May 1, 2013 (Vol. 33, No. 9)

Alluring Emerging Markets Include BRIC Countries As Well As Indonesia and Vietnam

In our most recent analysis, global in vitro diagnostics (IVD) sales revenue including reagents, consumables, instrumentation, and services totaled $46 billion in 2012 and are expected to reach $65 billion in 2017. Annual revenue growth for IVD is steady at 7% and slightly rosier than that of the pharmaceutical market at 5% annually through 2015. The emerging theme in this research was the increasing globalization of the industry, not only as a factor in market leadership, but also as a critical organic growth strategy for most IVD companies to avoid being engulfed by industry consolidation.

In 2009, Roche Diagnostics, Siemens Healthcare, Abbott Laboratories, the Ortho Clinical Diagnostics division of Johnson & Johnson, and Beckman Coulter (now Danaher) had 60% of the market share. In 2012, their share grew to 63%. The second tier group containing Alere, Bayer Diabetes Care Division, bioMerieux, Sysmex, and Becton, Dickinson and Co. also expanded its market share in three years from 16% in 2009 to 18% in 2012. The remainder competes for a slice of the market that shrunk by 5% in the last three years.

The future holds challenges for both the market leaders and niche suppliers. Large global IVD companies will continue expansion through acquisition, but will struggle to deliver organic growth, which was already apparent in 2012. The competition will further intensify for niche suppliers as growing numbers of their customers, namely physician practices, are unable to remain profitable.

In an analysis of more than 40 companies with IVD sales, we found that the most competitive deployed one or all of three key strategies. The most successful companies first and foremost defended market share by supporting their current installed base. Existing customers and their loyalty are paramount in a business driven by recurring revenue from high-throughput analyzers. Second, competitive companies penetrated high-growth markets like specialty diagnostics and emerging markets. The third was investment in enabling technologies like next-generation sequencing and digital PCR. Out of the list, entering emerging markets is broadly applicable across all IVD companies no matter what size the company and, thus, important for all to consider.

Ex-U.S. Demand for Routine Testing Drives Growth

At the IVD segment level, immunochemistry is driving the growth of the entire industry due to a predicted 7% annual growth rate on an $18.8 billion market. While the molecular diagnostics segment is forecast to grow at more than 12% annually, it will become a $9 billion industry in 2017 (compare that to immunochemistry’s forecasted sales at $30 billion in 2017). A closer look at the immunochemistry market, which includes immunoassays, clinical chemistry assays, and related analyzers, determined that most of the growth is driven by demand outside of the United States.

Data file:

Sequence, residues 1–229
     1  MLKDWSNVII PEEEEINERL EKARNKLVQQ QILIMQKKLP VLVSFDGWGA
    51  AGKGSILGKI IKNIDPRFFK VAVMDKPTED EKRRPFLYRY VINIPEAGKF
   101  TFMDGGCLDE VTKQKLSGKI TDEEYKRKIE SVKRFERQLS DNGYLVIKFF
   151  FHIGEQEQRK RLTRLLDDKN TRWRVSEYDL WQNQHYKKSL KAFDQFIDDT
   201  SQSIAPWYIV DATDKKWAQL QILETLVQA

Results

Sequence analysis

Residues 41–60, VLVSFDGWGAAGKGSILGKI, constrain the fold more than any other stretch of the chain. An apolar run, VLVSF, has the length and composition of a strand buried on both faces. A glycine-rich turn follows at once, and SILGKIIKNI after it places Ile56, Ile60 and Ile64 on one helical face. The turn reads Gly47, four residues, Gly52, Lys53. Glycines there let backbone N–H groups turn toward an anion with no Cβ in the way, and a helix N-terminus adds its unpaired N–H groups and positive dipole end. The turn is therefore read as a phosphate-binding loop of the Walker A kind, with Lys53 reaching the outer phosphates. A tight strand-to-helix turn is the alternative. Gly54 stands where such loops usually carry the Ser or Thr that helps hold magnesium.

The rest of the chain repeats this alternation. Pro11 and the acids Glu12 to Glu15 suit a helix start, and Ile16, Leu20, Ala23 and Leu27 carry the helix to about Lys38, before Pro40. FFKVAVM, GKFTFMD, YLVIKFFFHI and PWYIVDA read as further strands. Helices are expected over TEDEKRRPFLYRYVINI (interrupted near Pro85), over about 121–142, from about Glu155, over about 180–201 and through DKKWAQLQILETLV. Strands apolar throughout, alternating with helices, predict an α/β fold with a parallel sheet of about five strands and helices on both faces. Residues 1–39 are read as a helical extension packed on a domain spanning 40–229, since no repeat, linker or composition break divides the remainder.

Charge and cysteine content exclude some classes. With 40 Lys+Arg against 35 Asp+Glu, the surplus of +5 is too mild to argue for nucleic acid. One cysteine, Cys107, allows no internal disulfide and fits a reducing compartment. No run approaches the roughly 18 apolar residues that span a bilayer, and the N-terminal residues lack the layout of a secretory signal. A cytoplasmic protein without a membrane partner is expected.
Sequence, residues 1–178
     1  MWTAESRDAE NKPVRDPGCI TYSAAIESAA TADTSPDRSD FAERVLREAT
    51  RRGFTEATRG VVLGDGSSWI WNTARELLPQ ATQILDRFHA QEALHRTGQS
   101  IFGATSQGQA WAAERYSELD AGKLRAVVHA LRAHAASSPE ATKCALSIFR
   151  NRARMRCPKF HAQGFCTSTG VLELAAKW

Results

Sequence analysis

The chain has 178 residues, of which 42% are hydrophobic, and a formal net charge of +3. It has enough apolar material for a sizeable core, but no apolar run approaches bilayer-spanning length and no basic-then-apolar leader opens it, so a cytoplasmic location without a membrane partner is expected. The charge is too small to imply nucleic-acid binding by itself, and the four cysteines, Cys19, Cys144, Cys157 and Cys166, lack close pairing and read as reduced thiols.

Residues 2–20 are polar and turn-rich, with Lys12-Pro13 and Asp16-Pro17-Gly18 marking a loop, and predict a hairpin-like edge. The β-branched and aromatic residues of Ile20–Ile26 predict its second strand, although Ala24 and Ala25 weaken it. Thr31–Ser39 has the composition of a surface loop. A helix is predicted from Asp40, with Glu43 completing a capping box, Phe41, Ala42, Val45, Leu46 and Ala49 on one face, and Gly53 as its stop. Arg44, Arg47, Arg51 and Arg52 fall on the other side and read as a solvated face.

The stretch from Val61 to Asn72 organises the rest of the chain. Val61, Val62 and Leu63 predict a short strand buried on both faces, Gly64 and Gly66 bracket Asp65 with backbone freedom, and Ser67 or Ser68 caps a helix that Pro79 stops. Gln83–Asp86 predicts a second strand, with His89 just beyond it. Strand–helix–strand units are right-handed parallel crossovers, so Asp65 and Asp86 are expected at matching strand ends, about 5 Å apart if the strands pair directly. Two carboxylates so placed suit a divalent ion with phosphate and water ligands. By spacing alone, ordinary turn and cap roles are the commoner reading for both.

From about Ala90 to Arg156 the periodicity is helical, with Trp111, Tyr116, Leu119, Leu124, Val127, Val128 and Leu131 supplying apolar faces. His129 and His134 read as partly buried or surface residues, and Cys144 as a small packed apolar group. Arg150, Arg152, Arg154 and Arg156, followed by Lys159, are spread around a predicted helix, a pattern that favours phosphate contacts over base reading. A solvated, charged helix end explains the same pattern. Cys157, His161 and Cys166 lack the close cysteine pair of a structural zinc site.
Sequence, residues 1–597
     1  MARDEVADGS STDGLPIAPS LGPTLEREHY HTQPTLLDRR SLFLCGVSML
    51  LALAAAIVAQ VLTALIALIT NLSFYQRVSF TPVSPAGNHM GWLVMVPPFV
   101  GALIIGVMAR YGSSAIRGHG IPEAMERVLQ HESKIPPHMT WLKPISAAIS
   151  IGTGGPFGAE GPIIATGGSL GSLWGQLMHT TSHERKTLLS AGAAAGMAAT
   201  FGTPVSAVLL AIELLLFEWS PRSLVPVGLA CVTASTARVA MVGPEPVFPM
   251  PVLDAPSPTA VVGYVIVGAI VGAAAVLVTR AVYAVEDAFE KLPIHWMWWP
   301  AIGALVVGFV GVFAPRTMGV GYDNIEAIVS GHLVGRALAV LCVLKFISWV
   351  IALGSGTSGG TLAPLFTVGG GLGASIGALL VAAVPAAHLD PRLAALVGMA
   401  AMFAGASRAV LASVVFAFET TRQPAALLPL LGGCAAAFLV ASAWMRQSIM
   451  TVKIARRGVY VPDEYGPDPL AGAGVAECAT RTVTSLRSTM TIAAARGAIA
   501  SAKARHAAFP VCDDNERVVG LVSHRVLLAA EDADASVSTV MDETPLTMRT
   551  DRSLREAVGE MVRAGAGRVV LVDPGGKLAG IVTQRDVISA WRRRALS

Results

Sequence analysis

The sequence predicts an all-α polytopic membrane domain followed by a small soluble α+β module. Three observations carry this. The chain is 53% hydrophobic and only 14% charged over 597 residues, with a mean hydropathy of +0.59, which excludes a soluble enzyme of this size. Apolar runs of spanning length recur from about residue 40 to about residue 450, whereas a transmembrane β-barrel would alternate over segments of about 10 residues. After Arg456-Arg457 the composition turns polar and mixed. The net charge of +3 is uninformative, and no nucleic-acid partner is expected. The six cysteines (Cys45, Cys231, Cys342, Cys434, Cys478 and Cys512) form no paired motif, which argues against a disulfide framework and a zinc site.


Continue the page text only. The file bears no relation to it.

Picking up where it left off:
By analyzing self-reported company-installed base data, we find that out of approximately 18,000 installed automated immunoassay analyzers, chemistry analyzers, and integrated analyzers, as low as 17% are installed in the United States, signifying the larger market potential outside of the United States.

In fact, our research found that the United States IVD market growth at 6% lags behind that of Latin America (9%), Eastern Europe (10%), and Asia-Pacific (12%) markets. Strong demand for integrated analyzers combining both immunoassay and clinical chemistry functions, specifically from markets like China, strongly factors into the growth trajectory for not only the immunochemistry segment, but also the total global IVD market.

Global in vitro diagnostic sales revenue, including reagents, consumables, instrumentation, and services, is expected to reach $65 billion in 2017, driven largely by the increasing globalization of the industry.

Opportunities Abound for Big and Small Companies in Emerging Markets

The BRIC countries, or Brazil, Russia, India, and China, were the initially identified emerging markets, sharing in common growing public health investment, health infrastructure modernization programs, and rising socioeconomic classes that demand and can afford Western medicines and treatments, which are particularly evident in the growth of private health plans in Brazil. While there is unmet need for IVD tests and instruments in major hospitals such as those in China, affordability has been a hurdle.

IVD companies adjusted pricing, perhaps through scaled-down instruments, but compete against cheaper and low-quality products that fit the region’s cost structure. In all countries, patient access has been an issue due to cultural attitudes that result in infrequent visits to the doctor or inconsistency in disease management by medical providers.

Despite the challenges, emerging IVD markets should be a part of every large IVD company’s strategy as these markets are outpacing IVD growth in the United States and Europe.

Small IVD companies also have special opportunities to fill in product gaps within distributors’ catalogs that result when large companies make acquisitions and consolidate sales channels. We have identified a number of “second-wave” emerging markets in the Asia-Pacific region. We believe Indonesia and Vietnam to be promising second-wave IVD markets for their similarities to the BRIC countries, with the added bonus of a favorable attitude toward imports in Indonesia—at least, currently.

Winny Tan, Ph.D., is an industry analyst in the life sciences group at Frost & Sullivan. For more information, email: [email protected].

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